FIG. 4 is a top view of spinal model 300 wherein heaters 370 have been placed adjacent the spinal region where needle practice occurs. Heaters 370 are utilized to heat localized areas of synthetic gel matrix 320 to a temperature approaching the melting point of the matrix material. As the matrix material approaches the melting point, the synthetic gel matrix 320 softens and needle tracks in the heated area fuse and close, eliminating the needle tracks. In one variation, heaters 370 are cartridge heaters which may be placed on either side vertebral column 330 in an area utilized for needle practice. The cartridge heaters are preferably controlled by a PID controller 372 that can maintain a programmed temperature to within −0.5 to +0.5 degrees Celsius. PID control permits more stable temperature range management than other types of temperature control such as on/off control, or proportional control.

Suitable PID controllers for the invention include, but are not limited to auto-tune type controllers such as the EZ-ZONE PM Temperature Controller Series from Watlow Inc., 12001 Lackland Rd., St. Louis, Mo., USA, 63146, that provide for adaptive temperature sensing and learning, whereby the controller initially probes a material to determine its thermal properties which are then employed in the controller's PID algorithm. When it is desired that the needle tracks be erased, the controller can be set to cycle to a desired temperature that is where the synthetic gel matrix starts to transition to a flowable or liquid state, whereby the tracks are fused closed, after which the cartridge heaters cycle off. Cartridge heaters 370 are controlled such that the heaters do not exceed the melting point of the synthetic gel matrix material.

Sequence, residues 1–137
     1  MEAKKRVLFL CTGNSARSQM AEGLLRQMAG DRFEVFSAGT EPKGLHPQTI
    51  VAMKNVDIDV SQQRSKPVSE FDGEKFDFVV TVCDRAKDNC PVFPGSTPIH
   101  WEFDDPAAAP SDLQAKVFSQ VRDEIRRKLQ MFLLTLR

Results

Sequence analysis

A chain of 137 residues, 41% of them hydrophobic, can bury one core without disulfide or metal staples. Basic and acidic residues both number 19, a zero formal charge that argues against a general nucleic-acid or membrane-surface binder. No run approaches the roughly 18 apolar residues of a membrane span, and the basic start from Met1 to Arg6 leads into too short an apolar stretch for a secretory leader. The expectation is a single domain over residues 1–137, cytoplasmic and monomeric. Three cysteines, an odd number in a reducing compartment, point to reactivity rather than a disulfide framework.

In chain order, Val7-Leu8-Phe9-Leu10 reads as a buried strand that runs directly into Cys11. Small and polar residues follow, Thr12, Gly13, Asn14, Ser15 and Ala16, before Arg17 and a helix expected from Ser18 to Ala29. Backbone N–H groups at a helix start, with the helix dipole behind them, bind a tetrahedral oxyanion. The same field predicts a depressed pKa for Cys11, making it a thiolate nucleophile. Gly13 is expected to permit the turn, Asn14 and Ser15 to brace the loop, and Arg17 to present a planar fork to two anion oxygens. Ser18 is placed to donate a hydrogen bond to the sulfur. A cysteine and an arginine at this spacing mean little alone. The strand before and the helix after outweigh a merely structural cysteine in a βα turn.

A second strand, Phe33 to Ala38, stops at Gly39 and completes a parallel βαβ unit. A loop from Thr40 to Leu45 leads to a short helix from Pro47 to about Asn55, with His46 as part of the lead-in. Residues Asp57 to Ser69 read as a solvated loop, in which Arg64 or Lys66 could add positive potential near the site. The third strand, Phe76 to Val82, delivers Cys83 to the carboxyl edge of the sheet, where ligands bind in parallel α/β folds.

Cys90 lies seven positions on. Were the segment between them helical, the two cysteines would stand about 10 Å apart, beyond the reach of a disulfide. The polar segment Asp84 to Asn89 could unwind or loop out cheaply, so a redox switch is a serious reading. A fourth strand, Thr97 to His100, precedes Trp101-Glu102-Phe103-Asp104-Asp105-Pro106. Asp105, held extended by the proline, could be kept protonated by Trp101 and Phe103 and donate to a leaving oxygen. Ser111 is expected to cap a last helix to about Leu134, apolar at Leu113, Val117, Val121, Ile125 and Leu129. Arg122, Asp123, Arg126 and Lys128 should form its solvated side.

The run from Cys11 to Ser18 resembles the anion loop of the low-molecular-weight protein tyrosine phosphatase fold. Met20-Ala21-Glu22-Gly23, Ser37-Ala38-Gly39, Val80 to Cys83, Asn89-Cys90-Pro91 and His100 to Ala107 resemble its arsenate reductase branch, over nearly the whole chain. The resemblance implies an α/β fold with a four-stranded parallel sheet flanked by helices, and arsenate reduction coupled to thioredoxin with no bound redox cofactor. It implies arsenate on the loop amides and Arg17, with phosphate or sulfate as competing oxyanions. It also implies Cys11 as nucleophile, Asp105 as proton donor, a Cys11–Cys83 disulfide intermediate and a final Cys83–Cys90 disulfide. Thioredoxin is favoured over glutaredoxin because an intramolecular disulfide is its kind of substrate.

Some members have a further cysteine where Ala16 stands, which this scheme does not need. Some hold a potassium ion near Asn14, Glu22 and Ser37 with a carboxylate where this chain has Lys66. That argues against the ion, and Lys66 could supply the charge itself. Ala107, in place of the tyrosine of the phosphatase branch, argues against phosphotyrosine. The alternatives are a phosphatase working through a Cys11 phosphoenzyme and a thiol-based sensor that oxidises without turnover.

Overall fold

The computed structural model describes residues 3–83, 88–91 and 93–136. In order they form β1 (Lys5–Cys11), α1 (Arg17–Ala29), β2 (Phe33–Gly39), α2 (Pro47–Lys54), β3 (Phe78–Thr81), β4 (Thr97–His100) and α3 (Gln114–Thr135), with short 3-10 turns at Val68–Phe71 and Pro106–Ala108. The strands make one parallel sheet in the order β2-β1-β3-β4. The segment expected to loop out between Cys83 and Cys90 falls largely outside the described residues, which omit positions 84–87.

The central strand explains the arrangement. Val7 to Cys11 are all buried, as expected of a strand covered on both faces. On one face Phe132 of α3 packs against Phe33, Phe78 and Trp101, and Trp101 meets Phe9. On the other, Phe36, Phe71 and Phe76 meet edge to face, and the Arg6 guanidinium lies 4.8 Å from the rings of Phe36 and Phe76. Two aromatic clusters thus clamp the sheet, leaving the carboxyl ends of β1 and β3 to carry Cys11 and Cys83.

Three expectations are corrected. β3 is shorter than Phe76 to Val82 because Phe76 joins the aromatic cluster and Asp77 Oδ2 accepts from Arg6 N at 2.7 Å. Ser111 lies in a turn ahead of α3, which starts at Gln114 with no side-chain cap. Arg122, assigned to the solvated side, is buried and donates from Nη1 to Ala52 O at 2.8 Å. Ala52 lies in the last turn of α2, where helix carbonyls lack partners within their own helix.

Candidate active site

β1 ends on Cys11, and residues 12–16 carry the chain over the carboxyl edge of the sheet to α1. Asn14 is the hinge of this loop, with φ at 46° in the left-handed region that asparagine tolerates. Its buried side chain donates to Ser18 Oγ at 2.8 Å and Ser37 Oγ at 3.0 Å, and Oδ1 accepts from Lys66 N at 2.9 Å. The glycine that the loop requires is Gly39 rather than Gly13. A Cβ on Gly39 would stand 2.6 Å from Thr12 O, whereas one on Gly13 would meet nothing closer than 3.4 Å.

FIG. 5 is a top view of spinal model 300 including surgical hardware 374 installed on the embedded vertebral column 330. Spinal fusion surgery is a procedure wherein some or all of one or more vertebral discs are removed and replace with bone grafts. Metallic rods, brackets, clamps and threaded fasteners, such as surgical hardware 374 are used to keep the vertebra and grafts in place while the graft and bones grow together or fuse. However, surgical hardware 374 can mask or distort adjacent regions during imaging such that distinguishing spinal structures may be difficult. In order to provide an accurate postoperative assessment of spinal surgical hardware, practitioners should be familiar with the normal imaging appearances of the lumbar spine after procedures such as stabilization, fusion, and disc replacement. Spinal model 300 with surgical hardware 374 provides a means to familiarize practitioners with the visual and imaged normal appearance of vertebral column 330 spine after implantation of the surgical hardware. Spinal model 300 with surgical hardware 374 also provides a means of needle insertion practice training for cases where surgical hardware has been installed.